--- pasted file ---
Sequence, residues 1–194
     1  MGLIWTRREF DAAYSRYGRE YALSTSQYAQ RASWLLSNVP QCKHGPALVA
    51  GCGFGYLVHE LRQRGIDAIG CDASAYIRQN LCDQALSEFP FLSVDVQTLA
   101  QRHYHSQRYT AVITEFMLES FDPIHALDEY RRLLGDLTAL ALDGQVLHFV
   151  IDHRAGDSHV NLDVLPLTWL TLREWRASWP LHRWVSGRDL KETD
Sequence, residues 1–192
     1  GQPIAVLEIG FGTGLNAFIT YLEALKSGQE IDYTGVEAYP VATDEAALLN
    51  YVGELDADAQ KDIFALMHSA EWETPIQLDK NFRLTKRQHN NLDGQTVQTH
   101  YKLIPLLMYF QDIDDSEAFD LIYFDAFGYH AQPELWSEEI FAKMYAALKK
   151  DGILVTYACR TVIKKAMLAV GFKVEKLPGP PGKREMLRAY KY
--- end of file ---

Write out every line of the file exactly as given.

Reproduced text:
Sequence, residues 1–194
     1  MGLIWTRREF DAAYSRYGRE YALSTSQYAQ RASWLLSNVP QCKHGPALVA
    51  GCGFGYLVHE LRQRGIDAIG CDASAYIRQN LCDQALSEFP FLSVDVQTLA
   101  QRHYHSQRYT AVITEFMLES FDPIHALDEY RRLLGDLTAL ALDGQVLHFV
   151  IDHRAGDSHV NLDVLPLTWL TLREWRASWP LHRWVSGRDL KETD
Sequence, residues 1–192
     1  GQPIAVLEIG FGTGLNAFIT YLEALKSGQE IDYTGVEAYP VATDEAALLN
    51  YVGELDADAQ KDIFALMHSA EWETPIQLDK NFRLTKRQHN NLDGQTVQTH
   101  YKLIPLLMYF QDIDDSEAFD LIYFDAFGYH AQPELWSEEI FAKMYAALKK
   151  DGILVTYACR TVIKKAMLAV GFKVEKLPGP PGKREMLRAY KY